Wei, B., Jin, Z. & Zowghi, D. 2010, 'Knowledge Merging under Multiple Attributes', Lecture Notes in Artificial Intelligence 6291 - Knowledge Science, Engineering and Management, Knowledge Science, Engineering and Management, Springer-Verlag Berlin Heidelberg, Belfast, Northern Ireland, pp. 555-560.
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Knowledge merging is the process of synthesizing multiple knowledge models into a common model. Available methods concentrate on resolving conflicting knowledge. While, we argue that besides the inconsistency, some other attributes may also affect the resulting knowledge model. This paper proposes an approach for knowledge merging under multiple attributes, i.e. Consistency and Relevance. This approach introduces the discrepancy between two knowledge models and defines different discrepancy functions for each attribute. An integrated distance function is used for assessing the candidate knowledge models.
Marshall, J. & Zowghi, D. 2010, 'Software and the Social Production of Disorder', Proceedings of the 2010 IEEE International Symposium on Technology and Society, IEEE International Symposium on Technology and Society, IEEE, Wollongong, Australia, pp. 284-291.
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Software development is inherently an ordering process. When implemented in a workplace it orders the ways that people go about their work, the work they do, and the ways they interact and communicate with each other. This new mode of ordering may conflict with existing orders, existing distributions of power and knowledge, and arrangements of groups, and between groups. Ordering is almost always the subject of dispute, so software development can easily become enmeshed in the politicking between competing groups with deleterious effects. Removing all these conflicts may not be possible, as they can be an essential part of the ways relevant groups interact. Better communication, for example, may actually increase conflict, and not produce harmony. Rather than thinking of order and disorder as mutually exclusive polarities, it is more effective and realistic to think of them as constituting an âorder/disorder complexâ and to expect disorder to appear alongside the ordering. This paper explores the problems of ordering and disordering through a study of changes in the Australian Customsâ âIntegrated Cargo Systemâ. We suggest that acceptance of some untidied mess, or openness to both dispute and unclarity, may be useful in implementing functional software.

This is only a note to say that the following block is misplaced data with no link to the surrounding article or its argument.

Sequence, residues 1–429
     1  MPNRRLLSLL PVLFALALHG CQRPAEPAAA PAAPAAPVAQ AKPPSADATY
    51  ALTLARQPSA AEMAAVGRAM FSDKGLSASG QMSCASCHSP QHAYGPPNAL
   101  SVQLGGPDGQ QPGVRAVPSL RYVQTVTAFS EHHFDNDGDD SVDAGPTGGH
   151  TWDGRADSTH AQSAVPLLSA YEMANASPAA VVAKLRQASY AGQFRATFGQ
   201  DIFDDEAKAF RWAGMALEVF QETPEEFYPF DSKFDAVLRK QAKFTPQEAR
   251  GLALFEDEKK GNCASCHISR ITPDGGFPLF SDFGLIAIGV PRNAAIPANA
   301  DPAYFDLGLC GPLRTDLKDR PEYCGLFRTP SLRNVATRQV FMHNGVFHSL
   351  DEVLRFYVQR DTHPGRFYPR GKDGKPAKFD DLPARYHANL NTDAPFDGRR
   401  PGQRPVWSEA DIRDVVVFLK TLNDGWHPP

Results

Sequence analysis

Mairiza, D., Zowghi, D. & Nurmuliani, N. 2010, 'Towards a Catalogue of Conflicts among Non-Functional Requirements', Proceedings of the 5th International Conference on Evaluation of Novel Approaches to Software Engineering (ENASE 2010), International Conference on Evaluation of Novel Approaches to Software Engineering, SciTePress, Athens, Greece, pp. 20-29.